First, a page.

The next day we got up fairly early as we needed to get Tini to her flight home and we still had a full car to pack! However, Malin and I are pros at packing my Toyota and we managed to get all 20+ fleeces plus baggage for 4 women into the car while still being able to see out the back window. There was yarn in every nook and cranny though! We drove back to the London area with plenty of time for Tini to make her flight out of Luton. The rest of us then went back to the Old Chapel and unpacked the car, much to the amusement of the hubby.
The next day we drove down to the University of Southampton’s Knitting Reference Library. This was seriously cool, as they have a large collection of knitting books and patterns from about as far back as written knitting patterns go. Barbro did an excellent blog post about it here but I also took some pictures.
The older magazines were amongst the most interesting
It's interesting to see how Vouge Knitting has changed!
Some of the ads were so cute!
Love the graphics on some of the covers
The ads for wartime knitting sort of blew my mind. Some of them admitted that folks couldn't get their product but said that when they could again they should use their coupons to buy their wool because it re-knit the best!
There were lots of war-time patterns. Many of them showed how to best re-use wool from a worn-out sweater or dress. By the end of the war, these patterns were using fabric sewn in to make up for the lack of both yarn and fabric available. Malin has an excellent picture here showing how the magazines also had to get smaller over a very short period of time due to paper rationing.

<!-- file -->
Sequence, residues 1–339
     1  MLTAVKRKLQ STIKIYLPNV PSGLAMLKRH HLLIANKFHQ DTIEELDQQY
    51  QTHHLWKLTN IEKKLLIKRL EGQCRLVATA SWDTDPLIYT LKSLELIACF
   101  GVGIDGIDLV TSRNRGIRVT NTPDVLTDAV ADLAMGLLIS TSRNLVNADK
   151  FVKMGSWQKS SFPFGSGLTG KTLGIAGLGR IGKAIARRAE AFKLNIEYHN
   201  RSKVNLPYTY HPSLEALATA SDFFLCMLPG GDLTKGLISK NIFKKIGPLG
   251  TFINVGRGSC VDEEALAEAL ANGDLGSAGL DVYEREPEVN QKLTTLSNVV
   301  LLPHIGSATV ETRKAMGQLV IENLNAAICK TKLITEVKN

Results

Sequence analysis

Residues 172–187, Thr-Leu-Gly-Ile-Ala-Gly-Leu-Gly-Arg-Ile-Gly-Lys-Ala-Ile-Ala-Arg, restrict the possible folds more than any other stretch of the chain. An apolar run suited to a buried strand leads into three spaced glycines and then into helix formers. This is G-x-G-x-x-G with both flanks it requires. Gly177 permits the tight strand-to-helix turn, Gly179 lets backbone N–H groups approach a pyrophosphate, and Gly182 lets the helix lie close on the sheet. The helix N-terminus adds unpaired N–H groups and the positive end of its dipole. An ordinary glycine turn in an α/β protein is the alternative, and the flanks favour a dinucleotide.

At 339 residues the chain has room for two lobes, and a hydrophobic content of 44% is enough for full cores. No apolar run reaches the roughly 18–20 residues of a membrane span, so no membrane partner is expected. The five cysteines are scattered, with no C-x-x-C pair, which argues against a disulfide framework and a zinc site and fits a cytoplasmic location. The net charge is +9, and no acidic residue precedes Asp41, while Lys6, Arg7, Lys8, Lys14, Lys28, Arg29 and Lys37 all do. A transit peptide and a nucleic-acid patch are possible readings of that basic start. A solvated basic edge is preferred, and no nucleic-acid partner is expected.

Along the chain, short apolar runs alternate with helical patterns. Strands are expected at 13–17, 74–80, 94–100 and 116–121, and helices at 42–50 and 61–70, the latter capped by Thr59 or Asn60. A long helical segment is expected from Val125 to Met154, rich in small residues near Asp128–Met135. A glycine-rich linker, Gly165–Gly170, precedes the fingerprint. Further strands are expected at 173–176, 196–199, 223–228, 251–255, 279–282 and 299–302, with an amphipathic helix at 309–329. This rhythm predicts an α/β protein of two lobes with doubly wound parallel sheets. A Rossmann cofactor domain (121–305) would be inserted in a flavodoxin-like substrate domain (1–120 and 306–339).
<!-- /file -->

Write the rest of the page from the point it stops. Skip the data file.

This is how we spent most of the afternoon:
The collection is pretty big and quite well-organized.
All of these are knitting or knitting related books
More knitting related books and magazines (in the archival boxes)
One view of the pattern collection
Another view of the pattern collection. It may not look that impressive, but most of those boxes were full and heavy with a LOT of old patterns.
The next day the 3 of us went into London on the train. First we went to the Camden Markets, which I had never been to before. Then, in the afternoon we went to Jon of Easyknits house for some retail therapy and Pimm’s! I didn’t take any photos of all of this (sorry) but Barbro was a regular little Robert Capa so you should check out this blog post of her’s.
That night we came home on the train with many more goodies and very, very tired. The next day was sort-of a free day. Malin and Barbro’s flights left in the afternoon, so that left the morning for some kool-aid dyeing and fleece skirting in the courtyard and packing of course! That afternoon I dropped the ladies off at Heathrow for their flights home with full (though not overly heavy) bags and lots of pictures on their cameras.